By Nick Bernard
Hi, I’m Nick – reporter for the Haliburton Echo and Minden Times.
That’s how almost all of my conversations have started over the past few months. That first half is easy enough to get around – it’s a standard greeting followed by my name. It’s the second half, where I say that I’m an actual reporter for a real-life newspaper, that still absolutely blows my mind every time it passes through my brain and pops out of my mouth.
See, 18 months ago, I was living in Hamilton. I’d just moved out of a rickety old house near Tim Hortons Field to a newly renovated apartment in a soon-to-be-completely-gentrified part of town. I figured at the time I’d veg out there for a year before breaking into podcasting or voice acting or something, all the while keeping my funky little radio job where I was writing ad copy for hundreds of clients.
That Monday, less than 24 hours after moving the furniture, I went to work, only to be told to turn around and go home: I’d be working from my new apartment full-time for the next few weeks while we tackled this irritating virus that shares its name with a beer brand. If all went well, I’d be back in the office by June. That was on March 20, 2020. By April 3rd, I was unemployed.
And just like that, my new apartment had transformed into one part sanctuary, one part prison – and it stayed that way for 18 months. Eighteen months of something that felt like freefall.
Chaos theory is the idea that one simple change within a context can alter the entire outcome of a certain situation, and that the various permutations in that context are predictable only to a certain point. Think of a hand throwing a fistful of coins in the air: You could predict the direction of the first few coins that start to tumble, but after that it’s up to the coins. This has been what the experience of the pandemic has felt like. The virus is the hand, and I am one of the coins.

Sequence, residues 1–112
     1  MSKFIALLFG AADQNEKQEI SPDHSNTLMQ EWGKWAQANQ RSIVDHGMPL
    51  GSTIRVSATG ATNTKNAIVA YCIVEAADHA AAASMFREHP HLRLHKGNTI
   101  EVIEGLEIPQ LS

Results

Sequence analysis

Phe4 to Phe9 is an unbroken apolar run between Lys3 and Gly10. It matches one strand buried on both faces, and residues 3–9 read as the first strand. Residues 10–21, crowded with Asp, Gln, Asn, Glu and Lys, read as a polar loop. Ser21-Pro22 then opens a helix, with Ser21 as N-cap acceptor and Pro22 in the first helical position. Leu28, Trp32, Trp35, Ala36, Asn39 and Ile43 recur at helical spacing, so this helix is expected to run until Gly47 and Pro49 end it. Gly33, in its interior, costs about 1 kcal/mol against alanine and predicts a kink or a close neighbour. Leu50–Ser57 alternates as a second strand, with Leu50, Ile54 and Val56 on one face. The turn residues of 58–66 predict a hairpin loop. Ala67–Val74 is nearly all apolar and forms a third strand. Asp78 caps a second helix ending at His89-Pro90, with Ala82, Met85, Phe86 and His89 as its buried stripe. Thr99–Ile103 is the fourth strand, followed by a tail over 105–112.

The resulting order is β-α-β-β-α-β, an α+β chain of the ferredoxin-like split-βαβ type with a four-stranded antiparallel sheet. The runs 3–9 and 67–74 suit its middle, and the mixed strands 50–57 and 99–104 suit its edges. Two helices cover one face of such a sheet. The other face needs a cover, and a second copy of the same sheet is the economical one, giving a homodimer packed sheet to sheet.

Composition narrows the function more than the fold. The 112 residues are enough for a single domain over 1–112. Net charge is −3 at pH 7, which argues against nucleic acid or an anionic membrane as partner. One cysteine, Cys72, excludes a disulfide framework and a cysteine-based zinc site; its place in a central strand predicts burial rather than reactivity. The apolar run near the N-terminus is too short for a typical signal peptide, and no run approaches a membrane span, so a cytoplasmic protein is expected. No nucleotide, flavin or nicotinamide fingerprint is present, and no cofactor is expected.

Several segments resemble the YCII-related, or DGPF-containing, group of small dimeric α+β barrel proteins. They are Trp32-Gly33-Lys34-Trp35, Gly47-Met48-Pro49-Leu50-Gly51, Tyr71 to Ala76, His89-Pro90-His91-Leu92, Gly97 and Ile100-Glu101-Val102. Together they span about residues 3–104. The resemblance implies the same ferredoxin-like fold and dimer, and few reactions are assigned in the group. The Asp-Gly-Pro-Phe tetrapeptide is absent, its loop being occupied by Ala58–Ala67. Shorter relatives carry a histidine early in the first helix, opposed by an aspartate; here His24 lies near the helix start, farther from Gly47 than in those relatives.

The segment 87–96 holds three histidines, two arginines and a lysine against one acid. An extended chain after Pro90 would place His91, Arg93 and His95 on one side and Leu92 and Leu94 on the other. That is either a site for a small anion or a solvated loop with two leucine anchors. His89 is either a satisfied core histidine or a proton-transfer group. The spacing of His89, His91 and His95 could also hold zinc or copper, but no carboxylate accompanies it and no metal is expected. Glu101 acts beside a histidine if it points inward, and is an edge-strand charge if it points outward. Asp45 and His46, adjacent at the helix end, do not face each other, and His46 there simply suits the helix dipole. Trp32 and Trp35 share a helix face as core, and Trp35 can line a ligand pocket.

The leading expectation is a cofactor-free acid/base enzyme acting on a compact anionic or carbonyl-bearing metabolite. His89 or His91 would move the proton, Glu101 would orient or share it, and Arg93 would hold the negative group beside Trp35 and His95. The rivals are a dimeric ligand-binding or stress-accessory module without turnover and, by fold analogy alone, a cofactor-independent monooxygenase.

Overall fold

Now, to be completely transparent with you: The idea to move up to Haliburton was not my own. My parents live up here, and I live with them now. From there, I had a vague plan for how to make money and pick my life back up from the shambling ruins they had turned into.
And along came the Haliburton County Echo and Minden Times.
I don’t know if it was fate, or just the random crashing of a million tumbling coins, but the chance to start anew – with the kind of job that fits my character better than any other – was too good to pass up.
I love Haliburton County. I may be a city person, yes, but I love Haliburton County. It’s been part of my life since I was a little kid whipping around Gull Lake in a tube behind my dad’s boat. The best summers of my life have been spent at Big Hawk Lake, where I made lifelong friendships at Camp Kawabi. I’ve even graced the Canoe FM airwaves, being the place where my eight-year cross-country radio career began.
I even owe my life to local healthcare workers, who, just this past New Years Eve, managed to catch my exploding appendix before it turned me into a firework. What a way to start 2021, hey?
The Highlands are more to me than a vacation spot away from the city, more than a place for me to park myself away from noise and congestion in weekend-sized chunks.
I feel this place in my bones, and to find myself gravitating back here is no surprise. There exists the very real sense that my work here comes from a place of unfulfillable gratitude. I’ve seen how relentlessly giving this community can be, and I love this place for it.
I also plainly see the broad challenges it faces, and the gaps that have left innocent lives hanging in the balance.
It’s my hope that my work here will put a spotlight on what’s changed, what needs to change, and the ever-careful steps we take together towards an uncertain future.
If you read my articles and actually learn something, then this will all have been worth it.
You can find me around town with my phone in my hand, probably playing Pokémon GO – Team Valor for life.
Also, if anyone has an extra spot at a D&D (Dungeons and Dragons) table, I have a half-elf wizard that hasn’t rolled any dice for a couple of years. I can bring veggie snacks and a boatload of meaningless Star Trek trivia.